A scope will allow you to stretch out your shots to 100 yards or longer with a good degree of accuracy. Scopes come in an array of sizes, magnifications, reticles (crosshairs) and red and green dots. Most I've had are user-friendly for installation and easy to sight-in.

Scopes are like your shirts – different strokes for different folks. I like a Mil-Dot reticle with dots on the crosshairs that allow you to sight-in the rifle using one dot and shorten or extend your sighting using the other dots.

If your rifle is sighted-in using the center crosshair at 50 yards, the bullet will hit the target at a lower position at 100 yards. Almost all bullets leave the barrel on a straight line, before rising up a little and then starting to fall the further they travel before impact. Having a scope with these dots allows you to compensate for this trajectory by using the different dots.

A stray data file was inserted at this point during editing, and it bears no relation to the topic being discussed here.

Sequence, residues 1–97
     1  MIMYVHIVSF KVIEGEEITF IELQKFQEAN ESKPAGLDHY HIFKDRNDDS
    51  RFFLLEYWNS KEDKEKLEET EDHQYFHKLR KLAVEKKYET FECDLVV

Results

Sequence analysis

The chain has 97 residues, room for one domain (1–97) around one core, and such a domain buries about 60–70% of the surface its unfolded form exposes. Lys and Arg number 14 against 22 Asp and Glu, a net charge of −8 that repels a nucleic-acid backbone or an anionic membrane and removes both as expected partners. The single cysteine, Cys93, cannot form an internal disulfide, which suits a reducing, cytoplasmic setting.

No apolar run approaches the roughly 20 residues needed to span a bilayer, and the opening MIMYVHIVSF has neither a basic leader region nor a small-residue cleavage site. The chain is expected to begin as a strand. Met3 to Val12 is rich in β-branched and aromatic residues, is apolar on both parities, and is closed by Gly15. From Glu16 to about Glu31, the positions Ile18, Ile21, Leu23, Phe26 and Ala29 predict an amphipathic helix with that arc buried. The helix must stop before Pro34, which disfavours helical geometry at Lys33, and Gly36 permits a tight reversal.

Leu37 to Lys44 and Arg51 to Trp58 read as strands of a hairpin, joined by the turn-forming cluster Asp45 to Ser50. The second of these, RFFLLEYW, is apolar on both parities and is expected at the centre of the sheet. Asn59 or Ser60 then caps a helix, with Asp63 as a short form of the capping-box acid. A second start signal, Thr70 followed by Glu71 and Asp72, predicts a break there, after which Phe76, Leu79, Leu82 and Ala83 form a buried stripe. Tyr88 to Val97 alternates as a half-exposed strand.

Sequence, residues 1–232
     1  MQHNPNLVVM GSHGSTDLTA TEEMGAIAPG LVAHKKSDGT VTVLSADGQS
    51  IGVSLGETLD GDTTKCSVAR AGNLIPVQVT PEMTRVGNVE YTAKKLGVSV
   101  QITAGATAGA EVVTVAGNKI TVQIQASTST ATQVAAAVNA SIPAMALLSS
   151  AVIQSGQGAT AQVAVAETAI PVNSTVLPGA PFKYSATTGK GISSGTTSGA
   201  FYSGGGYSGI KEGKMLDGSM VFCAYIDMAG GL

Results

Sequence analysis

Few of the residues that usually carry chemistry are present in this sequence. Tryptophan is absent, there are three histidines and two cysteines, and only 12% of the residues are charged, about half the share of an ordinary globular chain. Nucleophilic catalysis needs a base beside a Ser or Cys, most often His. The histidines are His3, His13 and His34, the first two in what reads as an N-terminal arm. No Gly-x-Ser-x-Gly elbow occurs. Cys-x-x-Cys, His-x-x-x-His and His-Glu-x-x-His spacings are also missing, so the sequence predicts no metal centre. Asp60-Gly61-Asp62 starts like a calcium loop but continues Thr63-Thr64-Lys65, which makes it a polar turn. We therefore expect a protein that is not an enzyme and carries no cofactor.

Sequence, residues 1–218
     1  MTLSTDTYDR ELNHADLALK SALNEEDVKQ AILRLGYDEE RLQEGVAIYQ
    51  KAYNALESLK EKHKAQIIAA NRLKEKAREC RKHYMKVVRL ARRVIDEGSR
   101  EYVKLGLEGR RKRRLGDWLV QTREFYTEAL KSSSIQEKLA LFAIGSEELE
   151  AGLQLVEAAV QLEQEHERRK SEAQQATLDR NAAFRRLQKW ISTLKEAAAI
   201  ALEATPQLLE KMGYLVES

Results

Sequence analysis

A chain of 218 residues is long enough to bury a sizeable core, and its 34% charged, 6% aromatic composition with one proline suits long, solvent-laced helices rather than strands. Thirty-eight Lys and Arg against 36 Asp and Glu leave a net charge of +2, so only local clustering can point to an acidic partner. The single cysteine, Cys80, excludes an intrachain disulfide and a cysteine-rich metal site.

Wind will also move a bullet, so you can use the dots that go from right to left to adjust for wind. I used to think that I needed a high-dollar scope on all of my rifles, but I have since learned differently. I now have BSA scopes on most of what I shoot, and they are flawless, easy to work with and will not break the bank.

Jim Hammond has had some sort of gun in his hand since he was five years old. He started with a Daisy BB gun as a small boy, and with careful instruction from his very-safety-minded father, has become a skilled and knowledgeable shooter now willing to share his knowledge and experience. Email: [email protected] or go to: www.shootingwithjim.com